|Publication number||US5283596 A|
|Application number||US 07/891,489|
|Publication date||1 Feb 1994|
|Filing date||29 May 1992|
|Priority date||5 Feb 1991|
|Publication number||07891489, 891489, US 5283596 A, US 5283596A, US-A-5283596, US5283596 A, US5283596A|
|Inventors||David W. Long|
|Original Assignee||Hewlett-Packard Company|
|Export Citation||BiBTeX, EndNote, RefMan|
|Patent Citations (12), Non-Patent Citations (2), Referenced by (29), Classifications (13), Legal Events (6)|
|External Links: USPTO, USPTO Assignment, Espacenet|
This is a continuation-in-part of copending application Ser. No. 07/650,833 filed on Feb. 5, 1991, now U.S. Pat. No. 5,254,983.
1. Field of the Invention
The present invention pertains to raster scan displays and, more particularly, to digitally synthesizing a gray scale for raster scan oscilloscope multichannel color displays including overlap control of such displays.
2. Statement of the Problem
Signal waveforms when viewed on oscilloscope displays are not always stable, single valued functions. Rather, the signals may shift in amplitude and/or time from one sweep of the screen to the next sweep. The term "sweep" herein refers to the act of displacement of an electron beam across the phosphor coating on the inside of a cathode-ray tube display causing the phosphor to glow and to emit light.
The "gray scale" effect on an analog oscilloscope display refers to the condition of the most recently drawn waveform data being the brightest waveform on the display. Waveforms from the recent past sweeps show up in various "shades of gray" depending on how long the waveform has been on the screen. The term "gray scale" herein is defined as discrete steps of brightness between light and dark. The gray scale effect occurred in analog oscilloscopes due to the behavior of the phosphor coating. The phosphor would glow at full brightness when a waveform was initially drawn, and then would fade (unless redrawn).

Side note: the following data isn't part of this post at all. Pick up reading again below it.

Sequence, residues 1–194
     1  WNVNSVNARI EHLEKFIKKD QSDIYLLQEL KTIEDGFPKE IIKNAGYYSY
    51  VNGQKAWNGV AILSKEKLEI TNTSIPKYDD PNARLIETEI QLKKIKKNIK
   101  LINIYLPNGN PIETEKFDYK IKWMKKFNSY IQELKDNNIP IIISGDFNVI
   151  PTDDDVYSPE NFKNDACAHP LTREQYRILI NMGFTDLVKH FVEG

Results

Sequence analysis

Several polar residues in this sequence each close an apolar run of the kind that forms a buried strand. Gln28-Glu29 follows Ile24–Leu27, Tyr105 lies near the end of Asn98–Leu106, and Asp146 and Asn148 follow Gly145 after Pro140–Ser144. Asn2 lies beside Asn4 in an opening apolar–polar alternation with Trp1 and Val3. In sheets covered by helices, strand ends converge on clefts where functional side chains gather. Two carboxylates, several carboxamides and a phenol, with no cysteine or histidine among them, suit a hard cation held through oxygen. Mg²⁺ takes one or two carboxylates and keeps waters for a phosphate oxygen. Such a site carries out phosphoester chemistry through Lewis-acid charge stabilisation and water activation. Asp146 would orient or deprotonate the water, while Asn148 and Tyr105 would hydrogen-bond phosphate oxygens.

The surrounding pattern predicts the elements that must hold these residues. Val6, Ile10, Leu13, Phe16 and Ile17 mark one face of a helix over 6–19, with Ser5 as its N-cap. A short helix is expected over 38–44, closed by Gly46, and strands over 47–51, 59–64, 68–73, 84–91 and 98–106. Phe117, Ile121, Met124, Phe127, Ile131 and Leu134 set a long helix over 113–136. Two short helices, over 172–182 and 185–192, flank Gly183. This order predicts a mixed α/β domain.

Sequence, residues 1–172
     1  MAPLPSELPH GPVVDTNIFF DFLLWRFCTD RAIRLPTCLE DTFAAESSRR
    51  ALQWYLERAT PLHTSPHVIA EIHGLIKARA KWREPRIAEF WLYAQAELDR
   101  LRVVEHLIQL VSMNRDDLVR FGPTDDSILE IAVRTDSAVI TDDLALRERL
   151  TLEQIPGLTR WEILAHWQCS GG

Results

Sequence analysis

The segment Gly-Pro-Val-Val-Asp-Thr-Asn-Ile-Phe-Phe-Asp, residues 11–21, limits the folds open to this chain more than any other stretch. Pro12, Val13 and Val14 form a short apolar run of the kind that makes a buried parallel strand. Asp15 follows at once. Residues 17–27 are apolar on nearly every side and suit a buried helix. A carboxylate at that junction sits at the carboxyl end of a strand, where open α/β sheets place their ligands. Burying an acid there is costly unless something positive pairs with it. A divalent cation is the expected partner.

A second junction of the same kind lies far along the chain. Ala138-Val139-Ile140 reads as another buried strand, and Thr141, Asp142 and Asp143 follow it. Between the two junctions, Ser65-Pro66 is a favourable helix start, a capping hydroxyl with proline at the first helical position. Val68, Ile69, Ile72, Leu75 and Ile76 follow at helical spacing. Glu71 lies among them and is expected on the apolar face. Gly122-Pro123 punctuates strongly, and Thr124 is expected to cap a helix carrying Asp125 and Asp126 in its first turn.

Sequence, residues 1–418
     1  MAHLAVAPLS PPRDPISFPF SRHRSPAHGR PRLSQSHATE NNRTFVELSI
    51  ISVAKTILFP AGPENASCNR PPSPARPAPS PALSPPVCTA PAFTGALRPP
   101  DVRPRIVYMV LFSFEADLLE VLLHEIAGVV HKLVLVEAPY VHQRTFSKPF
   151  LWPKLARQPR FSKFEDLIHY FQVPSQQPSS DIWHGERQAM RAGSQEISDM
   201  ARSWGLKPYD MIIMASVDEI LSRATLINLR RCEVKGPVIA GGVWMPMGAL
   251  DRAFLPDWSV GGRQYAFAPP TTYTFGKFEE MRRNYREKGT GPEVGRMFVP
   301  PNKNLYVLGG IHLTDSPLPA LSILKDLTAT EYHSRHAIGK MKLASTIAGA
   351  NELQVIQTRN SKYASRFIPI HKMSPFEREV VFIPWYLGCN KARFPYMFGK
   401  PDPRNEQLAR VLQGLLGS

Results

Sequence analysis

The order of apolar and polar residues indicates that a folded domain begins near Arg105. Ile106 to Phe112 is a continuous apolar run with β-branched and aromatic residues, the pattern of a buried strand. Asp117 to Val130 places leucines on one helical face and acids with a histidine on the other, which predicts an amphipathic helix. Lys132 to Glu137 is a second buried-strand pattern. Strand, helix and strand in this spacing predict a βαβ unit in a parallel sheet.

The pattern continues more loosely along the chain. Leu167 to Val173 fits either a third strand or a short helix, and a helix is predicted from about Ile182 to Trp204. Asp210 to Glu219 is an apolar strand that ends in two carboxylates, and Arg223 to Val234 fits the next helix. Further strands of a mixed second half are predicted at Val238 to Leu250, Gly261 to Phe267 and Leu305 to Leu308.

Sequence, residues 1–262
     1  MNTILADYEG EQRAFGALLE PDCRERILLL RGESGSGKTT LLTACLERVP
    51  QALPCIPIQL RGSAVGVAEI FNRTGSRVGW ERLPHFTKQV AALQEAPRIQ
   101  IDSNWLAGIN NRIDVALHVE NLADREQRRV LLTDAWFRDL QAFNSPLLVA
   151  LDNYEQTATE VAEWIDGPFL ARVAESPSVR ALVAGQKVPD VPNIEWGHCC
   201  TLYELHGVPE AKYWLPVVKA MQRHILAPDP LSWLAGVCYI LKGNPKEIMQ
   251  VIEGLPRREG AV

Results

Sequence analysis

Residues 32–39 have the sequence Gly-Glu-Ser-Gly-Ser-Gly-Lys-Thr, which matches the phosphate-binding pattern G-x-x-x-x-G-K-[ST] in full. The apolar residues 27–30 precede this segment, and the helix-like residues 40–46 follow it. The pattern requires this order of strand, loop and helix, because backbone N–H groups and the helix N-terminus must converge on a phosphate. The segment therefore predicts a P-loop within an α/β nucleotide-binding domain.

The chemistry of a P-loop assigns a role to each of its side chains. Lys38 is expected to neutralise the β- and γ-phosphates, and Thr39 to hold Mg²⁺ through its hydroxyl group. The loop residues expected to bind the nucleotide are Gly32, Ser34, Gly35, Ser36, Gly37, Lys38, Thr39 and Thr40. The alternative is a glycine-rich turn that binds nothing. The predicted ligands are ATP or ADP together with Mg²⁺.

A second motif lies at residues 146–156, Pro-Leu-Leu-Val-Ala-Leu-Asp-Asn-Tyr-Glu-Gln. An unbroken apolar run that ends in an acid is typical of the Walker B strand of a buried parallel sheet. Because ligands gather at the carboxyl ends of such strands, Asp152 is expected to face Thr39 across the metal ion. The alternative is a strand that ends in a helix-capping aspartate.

The gray scale effect on analog oscilloscopes conveyed useful information to a user of the oscilloscope. The user could determine both the current value of the waveform (i.e., from the current sweep) and values it had taken on during the prior sweeps. For example, in FIG. 1 a waveform being observed in the oscilloscope may undergo a minimum amplitude Amin (as shown in FIG. 1a) or a maximum amplitude Amax (as shown in FIG. 1b). The resultant combined image as seen on an analog oscilloscope display is shown in FIG. 1c. Waveform 10 is the waveform from the current sweep (hence, full brightness), waveform 20 was drawn during the last sweep (hence, almost full brightness), waveform 30 was drawn from a previous sweep (hence, dimly lit). The waveforms from other sweeps are also shown and all of these waveforms taken together result in a gray scale envelope 40 collectively placing the waveforms of varying degrees of brightness within a range of amplitude values (Amin -Amax).
The useful information contained in FIG. 1 includes an indication to the user of the analog oscilloscope that the waveform has a current direction 50 of change as shown in FIG. 1c. The sweep frequency (i.e., the sweep repetition rate) and the oscillation by the waveform 100 between Amin and Amax determines what is viewed on the screen as shown by FIG. 1c. For example, if the oscillation between amplitude values occurred at a sufficiently high rate so that the phosphor did not fade to black between refreshes, the user could see the full range of values that the waveform took provided the sweep frequency was fast enough. On the other hand, if the oscillations occurred at an extremely high rate of repetition, the user would only see the most common amplitude values for the waveform. For example, if waveform 100 spent a larger percentage of its oscillation cycle time at Amax then at Amin, the outer edges 60 of the gray scale envelope 40 would appear brighter to the user. This is simply due to the fact that the phosphor is excited more often at the outer edges 60 and therefore maintains a higher average level of light output.
While the above was a characteristic of analog oscilloscopes, modern digitizing oscilloscopes do not provide the user with the type of gray scale information described above. Rather, modern digitizing oscilloscopes digitize the waveform into a set of discrete values which are then written into a display memory. The display memory holds an image which is copied to the actual display. The image is copied repetitively to the display and continues to be refreshed until the image changes. This is illustrated in FIG. 2.
In FIG. 2, a display memory 200 contains the binary information in the form of ones and zeros. For example, in FIG. 2, the display memory 200 has bit pattern 210 which corresponds to a display pattern 220 on a screen 230. The binary one corresponds to an illuminated dot 240. This is graphically shown by arrows 250 and 260. Hence, individual display dots (or pixels) on screen 230 are either on or off and, to the human user, there is no intermediate brightness values which correspond to provide gray scale information. A need exists to provide corresponding gray scale information to the user of a digitizing oscilloscope.